Tuesday, November 2, 2021

The Moon Nurse

 
 
 
 
 

 
 
The Moon Nurse
 
 
Someone must guard the moon
deep in the Dreamer's long shatter.
Someone must keep clear her pathway
mirror'd on the wavering water.
 
Someone must nurse the moon
when the red plague slips in without trace.
While Time ticks to its last empty hour
let my hands refresh her pale face,

wash it with rosemary's greening,
herb airless void with white smoke
between her and the storm oncoming
where light itself is revoked.

All the nights she's held watch above me
by the bed where sleep loses its way,
the silver songs she's sung me
put a debt on me I must repay.

They say she poisons the fallen
who ravage across the wide earth,
or stare in electrical cages
where madness has gone to give birth
 
 but those 
she brings whole through the hunter's dark
burn tonight her evanescent spark.



November 2021
 
 





 
 
 
 
 
 
posted for Poetics
 
 
 
 
 
 
 
 
 
Note: this poem has been revised a dozen times since posting, and I'm still not happy with it. It didn't rhyme at all at first, and now it rhymes too much. I blame Poe, whom I've been rereading WAY too much lately.
 
 
 
 
 
 
 
 
Images: ©Dmitry Brodetsky  All Rights Reserved   Fair Use
Author and title unknown, via internet      Fair Use 
 

24 comments:

  1. Outstanding, and I imagine the moon being nursed and my own nursing from the moon. Truly magical.

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  2. This is lovely. I especially like the lines Sanaa quotes.

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  3. Thank you for writing and sharing. :)

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  4. I admire your unique voice and perspective of the moon as if we are actively watching and nursing the moon, and guarding her spark. It works both ways and it is magical.

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  5. I love how you've managed to compose a lyrical and magical poem, full of romance yet containing only concrete imagery. Great work with the prompt!

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  6. The poet - and poetry -- still has an essential role, even today (though it seems a measly occupation, like freighting garbage or mucking toilets). What the dream offers is beyond words much less comprehension, yet someone's gotta train an ear to its moon-wall and spoon its sea. What I learned from trying to survive whiskey is that the spirit which cures spirits is available if I do the surrender-work: we are the janitors which sweep away the day's jangle and riot to the floor might still gleam with old queen moon. And most perilous is that it's an inside job: "Someone must nurse the moon / when the red plague slips in without trace." The thing of darkness I must call my own The "evanescent spark" is just beyond the last words of this poem, and that is found by all its preceding surrenders. Amen.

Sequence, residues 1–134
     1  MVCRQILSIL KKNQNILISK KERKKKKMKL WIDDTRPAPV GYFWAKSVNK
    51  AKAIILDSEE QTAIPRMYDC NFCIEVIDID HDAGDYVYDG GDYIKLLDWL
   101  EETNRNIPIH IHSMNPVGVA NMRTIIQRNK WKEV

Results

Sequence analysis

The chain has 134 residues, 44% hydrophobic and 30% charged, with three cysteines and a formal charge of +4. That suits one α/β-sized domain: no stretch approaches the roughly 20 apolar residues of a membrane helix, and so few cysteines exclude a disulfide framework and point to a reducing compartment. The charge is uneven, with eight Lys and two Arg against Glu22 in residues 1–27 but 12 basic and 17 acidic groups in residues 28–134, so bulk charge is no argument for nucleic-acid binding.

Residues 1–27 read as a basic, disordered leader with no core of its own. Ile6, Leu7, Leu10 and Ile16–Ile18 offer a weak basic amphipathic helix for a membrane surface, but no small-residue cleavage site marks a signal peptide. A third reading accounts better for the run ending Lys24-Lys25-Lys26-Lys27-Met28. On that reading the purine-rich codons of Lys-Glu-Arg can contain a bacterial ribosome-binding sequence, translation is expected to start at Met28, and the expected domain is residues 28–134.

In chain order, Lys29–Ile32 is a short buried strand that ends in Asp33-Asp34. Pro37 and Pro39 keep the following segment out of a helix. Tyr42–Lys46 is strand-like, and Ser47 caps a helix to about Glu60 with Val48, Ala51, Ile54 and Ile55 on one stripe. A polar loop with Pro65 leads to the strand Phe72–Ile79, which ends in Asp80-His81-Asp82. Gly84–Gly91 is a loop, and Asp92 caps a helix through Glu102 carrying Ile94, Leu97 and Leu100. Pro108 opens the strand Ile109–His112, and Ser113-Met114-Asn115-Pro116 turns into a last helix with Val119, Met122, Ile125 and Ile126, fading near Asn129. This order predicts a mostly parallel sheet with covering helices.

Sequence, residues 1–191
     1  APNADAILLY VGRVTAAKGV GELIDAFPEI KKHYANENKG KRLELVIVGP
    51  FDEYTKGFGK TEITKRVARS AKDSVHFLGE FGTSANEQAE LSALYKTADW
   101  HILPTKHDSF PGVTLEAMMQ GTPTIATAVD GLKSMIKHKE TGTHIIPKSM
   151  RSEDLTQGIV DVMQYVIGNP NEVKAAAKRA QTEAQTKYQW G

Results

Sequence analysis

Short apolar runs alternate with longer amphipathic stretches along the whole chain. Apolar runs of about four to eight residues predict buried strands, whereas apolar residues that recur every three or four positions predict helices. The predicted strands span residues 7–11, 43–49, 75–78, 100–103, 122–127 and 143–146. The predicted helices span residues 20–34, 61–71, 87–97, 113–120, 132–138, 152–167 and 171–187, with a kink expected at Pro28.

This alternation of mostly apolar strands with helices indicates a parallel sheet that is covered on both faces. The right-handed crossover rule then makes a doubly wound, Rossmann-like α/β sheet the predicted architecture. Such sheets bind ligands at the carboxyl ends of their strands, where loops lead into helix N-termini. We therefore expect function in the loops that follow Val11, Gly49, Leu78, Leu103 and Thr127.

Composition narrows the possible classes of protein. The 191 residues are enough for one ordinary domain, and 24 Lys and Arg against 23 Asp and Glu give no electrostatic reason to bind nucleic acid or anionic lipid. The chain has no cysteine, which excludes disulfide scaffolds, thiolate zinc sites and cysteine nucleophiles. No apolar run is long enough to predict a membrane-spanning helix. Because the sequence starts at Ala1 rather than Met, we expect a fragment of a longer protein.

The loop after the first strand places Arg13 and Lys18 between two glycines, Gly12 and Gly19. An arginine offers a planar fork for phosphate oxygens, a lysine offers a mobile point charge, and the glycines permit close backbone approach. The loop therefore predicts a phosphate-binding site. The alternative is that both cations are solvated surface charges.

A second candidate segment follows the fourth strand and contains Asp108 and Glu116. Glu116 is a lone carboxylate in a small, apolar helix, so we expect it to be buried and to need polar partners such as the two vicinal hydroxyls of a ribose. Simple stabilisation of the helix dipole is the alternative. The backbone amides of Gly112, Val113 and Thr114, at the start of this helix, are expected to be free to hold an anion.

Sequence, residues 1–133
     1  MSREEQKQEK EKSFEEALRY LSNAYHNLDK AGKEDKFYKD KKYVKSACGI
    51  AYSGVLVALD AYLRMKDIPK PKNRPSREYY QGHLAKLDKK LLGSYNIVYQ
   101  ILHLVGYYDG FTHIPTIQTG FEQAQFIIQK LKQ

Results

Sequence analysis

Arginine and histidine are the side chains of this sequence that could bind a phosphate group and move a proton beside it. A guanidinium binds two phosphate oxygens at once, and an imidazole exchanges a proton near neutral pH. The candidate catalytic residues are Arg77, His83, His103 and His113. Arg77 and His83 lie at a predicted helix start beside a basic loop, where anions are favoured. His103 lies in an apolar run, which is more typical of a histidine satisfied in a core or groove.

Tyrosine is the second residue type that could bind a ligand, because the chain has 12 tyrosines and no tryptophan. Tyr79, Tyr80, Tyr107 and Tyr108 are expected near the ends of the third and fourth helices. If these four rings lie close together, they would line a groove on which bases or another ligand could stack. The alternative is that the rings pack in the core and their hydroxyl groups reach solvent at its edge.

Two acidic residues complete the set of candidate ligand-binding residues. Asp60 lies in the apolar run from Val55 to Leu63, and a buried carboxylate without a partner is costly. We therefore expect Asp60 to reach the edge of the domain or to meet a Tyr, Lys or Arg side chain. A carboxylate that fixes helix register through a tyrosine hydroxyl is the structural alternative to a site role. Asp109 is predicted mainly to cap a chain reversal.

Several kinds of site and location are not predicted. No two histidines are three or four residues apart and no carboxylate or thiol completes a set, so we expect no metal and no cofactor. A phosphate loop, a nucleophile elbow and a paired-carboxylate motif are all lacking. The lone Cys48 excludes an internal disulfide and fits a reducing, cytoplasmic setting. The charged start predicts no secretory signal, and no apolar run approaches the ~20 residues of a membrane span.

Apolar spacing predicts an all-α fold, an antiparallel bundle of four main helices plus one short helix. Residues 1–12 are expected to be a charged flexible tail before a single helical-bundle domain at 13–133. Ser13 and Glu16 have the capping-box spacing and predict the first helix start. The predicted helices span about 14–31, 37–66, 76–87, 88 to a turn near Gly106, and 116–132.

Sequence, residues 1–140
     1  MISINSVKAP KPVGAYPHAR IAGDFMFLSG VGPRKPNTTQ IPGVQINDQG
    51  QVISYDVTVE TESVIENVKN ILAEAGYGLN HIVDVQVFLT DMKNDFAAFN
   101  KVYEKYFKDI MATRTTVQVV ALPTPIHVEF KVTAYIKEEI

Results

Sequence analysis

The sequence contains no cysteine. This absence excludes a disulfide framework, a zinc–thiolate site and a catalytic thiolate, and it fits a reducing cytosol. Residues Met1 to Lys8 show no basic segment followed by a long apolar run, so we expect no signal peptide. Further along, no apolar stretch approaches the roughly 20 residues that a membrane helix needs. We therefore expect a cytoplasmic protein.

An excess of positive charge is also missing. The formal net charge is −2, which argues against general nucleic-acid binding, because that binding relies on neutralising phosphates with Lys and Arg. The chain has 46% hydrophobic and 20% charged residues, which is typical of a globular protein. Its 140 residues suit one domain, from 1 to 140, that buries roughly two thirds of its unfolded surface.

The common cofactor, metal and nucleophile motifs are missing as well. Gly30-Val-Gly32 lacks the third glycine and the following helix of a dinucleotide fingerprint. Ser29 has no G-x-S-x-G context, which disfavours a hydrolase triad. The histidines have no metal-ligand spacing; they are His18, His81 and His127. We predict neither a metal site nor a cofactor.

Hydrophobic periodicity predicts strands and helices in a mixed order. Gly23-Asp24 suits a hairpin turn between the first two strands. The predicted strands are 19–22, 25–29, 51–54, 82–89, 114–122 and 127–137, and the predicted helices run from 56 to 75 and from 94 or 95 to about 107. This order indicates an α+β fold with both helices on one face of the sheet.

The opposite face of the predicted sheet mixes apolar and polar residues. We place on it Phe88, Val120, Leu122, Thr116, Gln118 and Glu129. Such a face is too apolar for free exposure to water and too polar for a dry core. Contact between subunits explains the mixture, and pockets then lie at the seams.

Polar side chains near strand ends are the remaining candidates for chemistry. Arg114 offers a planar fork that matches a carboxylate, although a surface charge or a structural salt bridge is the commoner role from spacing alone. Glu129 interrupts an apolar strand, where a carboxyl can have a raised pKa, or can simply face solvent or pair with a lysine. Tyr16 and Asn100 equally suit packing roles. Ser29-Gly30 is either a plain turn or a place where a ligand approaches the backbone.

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    1. Thanks, B. This has been a beast to spit out, and it's still far from there, but that is exactly the heart of it.

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  7. If Tennyson, Wordsworth, and Alice Cooper wrote a poem together, this might be it! That opening stanza by itself is worth the figurative price of admission. First, just the notion that the moon might need guarding is fresh and striking and makes your reader eager to keep reading. Then there is the sheer delight of the sound of the words throughout the poem. But, it's still that opening strophe, if you'll allow the term here, that fascinates me and makes me want to keep returning to it. It's gorgeous.

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    1. Thanks, Shay. Appreciate your feel for it, and your feedback. Work in progress, but done with it for now. I was reading the introduction to my Poe collection and the editor was discussing how Poe deliberately used sounds as well as actual words and images to create the mood and even send the message of his poems. Must have rubbed off a little.